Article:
Bug 3539 - DateTime short time format ("g") is incorrect for Australian locale
Summary: DateTime short time format ("g") is incorrect for Australian locale
Alias: None
Product: Class Libraries
Classification: Mono
Component: mscorlib ()
Version: master
Hardware: Other Other
: --- normal
Target Milestone: Untriaged
Assignee: Marek Safar
Depends on: 4782
  Show dependency tree
Reported: 2012-02-19 19:13 UTC by Paul Donovan
Modified: 2012-05-15 13:40 UTC (History)
3 users (show)

Is this bug a regression?: ---
Last known good build:

Notice (2018-05-24): bugzilla.xamarin.com is now in read-only mode.

Please join us on Visual Studio Developer Community and in the Xamarin and Mono organizations on GitHub to continue tracking issues. Bugzilla will remain available for reference in read-only mode. We will continue to work on open Bugzilla bugs, copy them to the new locations as needed for follow-up, and add the new items under Related Links.

Our sincere thanks to everyone who has contributed on this bug tracker over the years. Thanks also for your understanding as we make these adjustments and improvements for the future.

Please create a new report on GitHub or Developer Community with your current version information, steps to reproduce, and relevant error messages or log files if you are hitting an issue that looks similar to this resolved bug and you do not yet see a matching new report.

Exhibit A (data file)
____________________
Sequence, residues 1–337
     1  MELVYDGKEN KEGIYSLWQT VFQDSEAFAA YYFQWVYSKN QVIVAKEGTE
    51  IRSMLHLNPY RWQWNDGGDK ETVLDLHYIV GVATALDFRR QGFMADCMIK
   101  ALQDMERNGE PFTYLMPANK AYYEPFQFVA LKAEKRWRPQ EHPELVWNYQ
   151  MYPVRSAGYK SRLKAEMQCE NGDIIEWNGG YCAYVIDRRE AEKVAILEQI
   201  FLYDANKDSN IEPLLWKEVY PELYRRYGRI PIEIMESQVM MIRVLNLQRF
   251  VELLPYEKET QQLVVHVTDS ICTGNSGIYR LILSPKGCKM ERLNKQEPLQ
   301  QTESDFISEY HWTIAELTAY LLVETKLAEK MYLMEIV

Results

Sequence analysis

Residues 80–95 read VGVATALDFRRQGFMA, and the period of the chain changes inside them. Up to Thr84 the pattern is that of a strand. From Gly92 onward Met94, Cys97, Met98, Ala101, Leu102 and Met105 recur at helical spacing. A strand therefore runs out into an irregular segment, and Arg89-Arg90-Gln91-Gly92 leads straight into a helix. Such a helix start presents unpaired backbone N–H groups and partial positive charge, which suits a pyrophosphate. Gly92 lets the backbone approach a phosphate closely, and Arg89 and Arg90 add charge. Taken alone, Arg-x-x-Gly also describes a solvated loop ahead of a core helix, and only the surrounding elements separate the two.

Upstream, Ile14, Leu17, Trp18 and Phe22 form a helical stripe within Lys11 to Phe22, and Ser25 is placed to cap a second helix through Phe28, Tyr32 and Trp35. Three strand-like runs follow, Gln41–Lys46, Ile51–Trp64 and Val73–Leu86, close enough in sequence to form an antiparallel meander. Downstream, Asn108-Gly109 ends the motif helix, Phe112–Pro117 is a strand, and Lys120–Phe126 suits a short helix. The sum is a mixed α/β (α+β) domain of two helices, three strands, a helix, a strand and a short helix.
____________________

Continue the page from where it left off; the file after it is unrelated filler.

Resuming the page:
Related Links:

Description Paul Donovan 2012-02-19 19:13:29 UTC
The output of converting a DateTime object to a string using the "g" formatter is incorrect when using the Australian locale on the iPhone. The 'M' at the end of PM is missing.

Using MonoTouch 5.2.4 and the iOS 5.0 SDK, targeting iOS 4.3 on the iPhone simulator, if you go to Settings->General->International->Region Format and choose Australia, the   output of the DateTime to string is incorrect when running the following code:

DateTime dt = new DateTime(2012, 12, 30, 23, 30, 15);
Console.WriteLine(String.Format ("Time is {0:g}", dt));

Expected results:

Time is 30/12/2012 11:30 PM

Actual results:

Time is 30/12/2012 11:30 P

This doesn't appear to be something as simple as a string buffer being the wrong length, as when the locale is US it's able to output a string that's as long as the required Australian output:

Time is 12/30/2012 11:30 PM
Comment 1 Rolf Bjarne Kvinge [MSFT] 2012-02-21 19:26:43 UTC
This can also be reproduced with a simple console application:

using System;
using System.Diagnostics;
using System.Threading;
using System.Globalization;

class gdb {
  static void Main(string[] args) {
    var ci = new CultureInfo ("en-AU");
    Thread.CurrentThread.CurrentCulture = ci;
    Thread.CurrentThread.CurrentUICulture = ci;
    Console.WriteLine (ci.DisplayName);
    Console.WriteLine (string.Format ("Time is {0:g}", new DateTime(2012, 12, 30, 23, 30, 15)));
Comment 2 Marek Safar 2012-05-15 13:40:32 UTC
Fixed in master